Hayati: Panji Searching for the Essence of Love had its debut at Katara Opera House this week, presented under the Years of Culture initiative and the Indonesian Ministry of Education and Culture, Research and Technology. The performance marks a milestone in the Qatar-Indonesia 2023 Year of Culture.

The opening night was attended by Qatar Museums Chairperson HE Sheikha Al Mayassa Bint Hamad bin Khalifa Al Thani, Indonesia’s Director General of Culture Dr Hilmar Farid, and Indonesian Ambassador to Qatar, HE Ridwan Hassan along with other dignitaries.

Qatar-Indonesia 2023

Hayati opening

Created for Qatar-Indonesia 2023 by Rama Soeprapto and his production company, Hayati: Panji Searching for the Essence of Love follows the hero’s search for the meaning of life through various trials in the hopes of understanding the nature of human goodness.

The stories of Panji and Sekartaji, one of the oldest and most treasured Indonesian epics, are considered part of the world’s intangible heritage by UNESCO and were included in the UNESCO Memory of the World Program in 2017. Acclaimed Indonesian performers Achmad Dipoyono and Kadek Dewi Aryani star as main characters Panji and Sekartaji, respectively.

HE Ambassador Ridwan Hassan said that Qatar and Indonesia share a lot when it comes to cultural heritage and its influence on societies today, not least of which is the pride in both our ancestors’ wisdom and teachings. He said that Hayati is a beautiful thread that weaves us all together in today’s interconnected global community.

I am proud to share this specially commissioned performance with the people of Qatar as part of the Qatar-Indonesia 2023 Year of Culture.

Qatar Museums Director of Cultural Diplomacy Aisha Ghanem Al Attiya said that Hayati is one of the principal events of the 2023 Year of Culture. She said they are grateful to the Indonesian Ministry of Education and Culture, Research and Technology and the cast and crew for the passion that went into creating this masterpiece.


Hayati means living, which encompasses a person’s journey through trials in the ultimate search for peace and love that enable deeper appreciation of life itself. The Panji and Sekartaji stories fuse Indonesia’s rich cultural heritage to create a tale that has taught that lesson for generations.

Originating in the East Javanese courts of the Kediri and Janggala Kingdoms during the 12th century, the stories of Panji and Sekartaji were later adapted and transformed in other parts of Indonesia and the wider region.

The Panji story follows the adventures of a prince named Raden Panji, who travels to various kingdoms in search of his beloved princess, Dewi Sekartaji. The story is often used to convey moral lessons and cultural values, such as the importance of loyalty, bravery and perseverance. The Sekartaji story centres around Dewi Sekartaji, who is said to possess unparalleled beauty. The story explores themes of love, betrayal and the struggle for power and control. These stories were traditionally performed as wayang or shadow puppet plays, which were accompanied by Javanese gamelan music.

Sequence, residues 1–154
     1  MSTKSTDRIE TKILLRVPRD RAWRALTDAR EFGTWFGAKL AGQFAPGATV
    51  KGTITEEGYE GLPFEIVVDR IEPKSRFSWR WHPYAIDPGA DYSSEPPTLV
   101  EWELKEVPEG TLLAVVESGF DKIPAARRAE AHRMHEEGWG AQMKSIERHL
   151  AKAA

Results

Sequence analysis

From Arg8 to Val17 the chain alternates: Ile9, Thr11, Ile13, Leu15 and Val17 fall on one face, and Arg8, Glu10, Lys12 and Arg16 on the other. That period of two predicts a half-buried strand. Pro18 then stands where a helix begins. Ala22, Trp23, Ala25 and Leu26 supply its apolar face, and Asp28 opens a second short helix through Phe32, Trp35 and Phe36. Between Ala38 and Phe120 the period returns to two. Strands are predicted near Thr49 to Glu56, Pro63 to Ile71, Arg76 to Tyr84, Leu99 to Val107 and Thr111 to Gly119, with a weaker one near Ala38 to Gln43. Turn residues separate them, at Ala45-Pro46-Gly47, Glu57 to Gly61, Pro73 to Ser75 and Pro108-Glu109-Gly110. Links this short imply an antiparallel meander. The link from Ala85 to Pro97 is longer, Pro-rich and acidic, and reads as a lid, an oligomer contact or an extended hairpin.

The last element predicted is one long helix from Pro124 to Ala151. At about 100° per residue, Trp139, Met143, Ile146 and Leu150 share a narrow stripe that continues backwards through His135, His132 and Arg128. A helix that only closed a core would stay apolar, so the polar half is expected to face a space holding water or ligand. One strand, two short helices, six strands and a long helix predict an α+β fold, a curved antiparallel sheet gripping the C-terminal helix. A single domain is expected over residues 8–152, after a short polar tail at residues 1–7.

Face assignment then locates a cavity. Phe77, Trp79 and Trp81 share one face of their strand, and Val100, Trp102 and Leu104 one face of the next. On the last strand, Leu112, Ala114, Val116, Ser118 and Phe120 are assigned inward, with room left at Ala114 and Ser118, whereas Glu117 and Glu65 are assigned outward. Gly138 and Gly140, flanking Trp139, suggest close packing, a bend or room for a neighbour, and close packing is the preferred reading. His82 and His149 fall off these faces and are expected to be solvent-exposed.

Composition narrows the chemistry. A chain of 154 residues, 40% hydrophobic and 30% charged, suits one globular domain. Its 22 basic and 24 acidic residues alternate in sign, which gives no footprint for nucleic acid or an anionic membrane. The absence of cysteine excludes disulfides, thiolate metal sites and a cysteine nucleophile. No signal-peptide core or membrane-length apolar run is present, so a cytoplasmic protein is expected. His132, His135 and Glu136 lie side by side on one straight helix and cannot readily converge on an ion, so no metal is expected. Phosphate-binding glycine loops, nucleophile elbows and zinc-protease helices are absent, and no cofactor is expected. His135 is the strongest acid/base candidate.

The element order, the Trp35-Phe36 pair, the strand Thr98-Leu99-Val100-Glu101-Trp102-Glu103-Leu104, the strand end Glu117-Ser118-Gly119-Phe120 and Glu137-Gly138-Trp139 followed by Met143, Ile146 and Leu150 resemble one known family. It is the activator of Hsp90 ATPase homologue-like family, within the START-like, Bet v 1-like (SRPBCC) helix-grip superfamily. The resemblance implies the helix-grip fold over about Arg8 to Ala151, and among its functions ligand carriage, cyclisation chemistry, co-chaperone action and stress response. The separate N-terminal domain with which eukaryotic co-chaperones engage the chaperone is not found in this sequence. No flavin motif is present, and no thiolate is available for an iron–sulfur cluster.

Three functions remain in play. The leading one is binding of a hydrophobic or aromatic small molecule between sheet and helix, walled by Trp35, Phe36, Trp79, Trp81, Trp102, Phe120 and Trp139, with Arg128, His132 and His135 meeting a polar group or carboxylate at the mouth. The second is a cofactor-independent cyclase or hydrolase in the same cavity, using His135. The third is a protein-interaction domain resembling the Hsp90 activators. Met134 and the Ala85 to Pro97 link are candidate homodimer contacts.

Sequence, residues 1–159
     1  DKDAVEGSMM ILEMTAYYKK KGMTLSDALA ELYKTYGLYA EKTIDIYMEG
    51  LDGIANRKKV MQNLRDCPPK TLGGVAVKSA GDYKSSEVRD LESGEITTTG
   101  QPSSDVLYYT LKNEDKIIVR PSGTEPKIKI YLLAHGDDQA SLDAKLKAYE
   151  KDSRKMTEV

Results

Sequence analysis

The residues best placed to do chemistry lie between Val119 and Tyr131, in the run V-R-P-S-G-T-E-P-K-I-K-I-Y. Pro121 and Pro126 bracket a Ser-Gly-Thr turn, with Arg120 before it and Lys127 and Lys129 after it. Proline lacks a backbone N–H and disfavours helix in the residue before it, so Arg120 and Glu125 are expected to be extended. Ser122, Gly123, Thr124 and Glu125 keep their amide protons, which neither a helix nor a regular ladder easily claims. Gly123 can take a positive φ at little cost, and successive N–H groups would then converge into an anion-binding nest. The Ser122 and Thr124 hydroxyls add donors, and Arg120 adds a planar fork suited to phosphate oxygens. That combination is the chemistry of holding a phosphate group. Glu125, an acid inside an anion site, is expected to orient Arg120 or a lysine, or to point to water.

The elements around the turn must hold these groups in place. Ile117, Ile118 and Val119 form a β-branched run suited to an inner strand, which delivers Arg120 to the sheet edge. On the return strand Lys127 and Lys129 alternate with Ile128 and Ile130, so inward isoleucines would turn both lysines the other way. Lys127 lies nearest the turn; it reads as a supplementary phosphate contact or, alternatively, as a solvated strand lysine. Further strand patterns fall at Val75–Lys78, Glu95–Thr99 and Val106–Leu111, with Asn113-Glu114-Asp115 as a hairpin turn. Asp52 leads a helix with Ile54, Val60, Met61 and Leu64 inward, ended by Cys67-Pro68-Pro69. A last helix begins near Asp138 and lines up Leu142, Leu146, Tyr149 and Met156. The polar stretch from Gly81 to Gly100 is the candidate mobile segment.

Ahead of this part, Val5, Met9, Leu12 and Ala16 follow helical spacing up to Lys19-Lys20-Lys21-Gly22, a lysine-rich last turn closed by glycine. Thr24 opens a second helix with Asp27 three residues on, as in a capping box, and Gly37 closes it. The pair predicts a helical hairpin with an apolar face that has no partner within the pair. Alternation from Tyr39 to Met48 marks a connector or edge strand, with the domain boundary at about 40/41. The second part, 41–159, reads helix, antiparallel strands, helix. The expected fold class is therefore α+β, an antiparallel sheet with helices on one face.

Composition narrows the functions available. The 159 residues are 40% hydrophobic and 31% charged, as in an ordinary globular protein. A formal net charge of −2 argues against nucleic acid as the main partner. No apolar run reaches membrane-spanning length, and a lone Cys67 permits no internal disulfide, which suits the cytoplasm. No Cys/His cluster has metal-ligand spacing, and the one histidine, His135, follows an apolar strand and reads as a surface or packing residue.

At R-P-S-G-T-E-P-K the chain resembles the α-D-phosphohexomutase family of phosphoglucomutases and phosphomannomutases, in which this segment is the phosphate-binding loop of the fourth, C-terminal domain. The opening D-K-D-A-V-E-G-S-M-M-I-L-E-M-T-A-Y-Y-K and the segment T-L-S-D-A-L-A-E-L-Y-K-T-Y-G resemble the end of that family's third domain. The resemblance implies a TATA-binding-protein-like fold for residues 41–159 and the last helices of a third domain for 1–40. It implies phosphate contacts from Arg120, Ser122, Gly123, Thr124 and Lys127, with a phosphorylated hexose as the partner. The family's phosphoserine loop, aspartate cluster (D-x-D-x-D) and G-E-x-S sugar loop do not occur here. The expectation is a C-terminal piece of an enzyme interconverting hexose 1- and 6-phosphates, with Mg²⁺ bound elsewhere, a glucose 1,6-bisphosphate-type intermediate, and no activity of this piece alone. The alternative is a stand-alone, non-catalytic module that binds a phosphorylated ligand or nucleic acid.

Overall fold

Today, the central character is portrayed using different masks throughout the performance.

In Panji stories, a mask is a form of non-verbal communication that portrays the character and the personality of the central figure. The character’s traits can be recognised through the shape of the eyes, nose and mouth. The character of Panji can be identified by the mask worn by the performer. The design of the mask determines whether the performer is playing an antagonist, protagonist, an animal character, and so on. The colours of the mask also convey different meanings through five basic colours namely red, white, yellow, green, and black. Red represents courage, white represents purity, yellow symbolises joy, green means gratitude, and black represents wisdom.

Bringing ancient stories to life

The play’s musical concept seeks to transport the audience to the Majapahit era (13th–16th centuries AD), the height of artistic expression in ancient Indonesia, by combining traditional Javanese and Balinese ensemble music.

According to Director Rama Soeprapto there have been so many versions of Panji and Sekartaji and their story over the centuries and he wanted to create a simpler version that audiences can understand and connect with.

Producer Bayu Pontiagust explained that Hayati is an original show.

What I am trying to visualise within the production is how to maintain its origins from the classic Javanese and Balinese tradition, while imbuing it with a modern touch through musical and visual elements.

He said he wants the audience to not only experience and understand the essence of the story, but also enjoy the choreography.

Costumes for Hayati: Panji Searching for the Essence of Love were designed by Era Soekamto, a household name in Indonesian fashion. Known for her batik designs, she often takes inspiration from the ancient Mataram and Majapahit kingdoms of Indonesia.

Hayati opening 4

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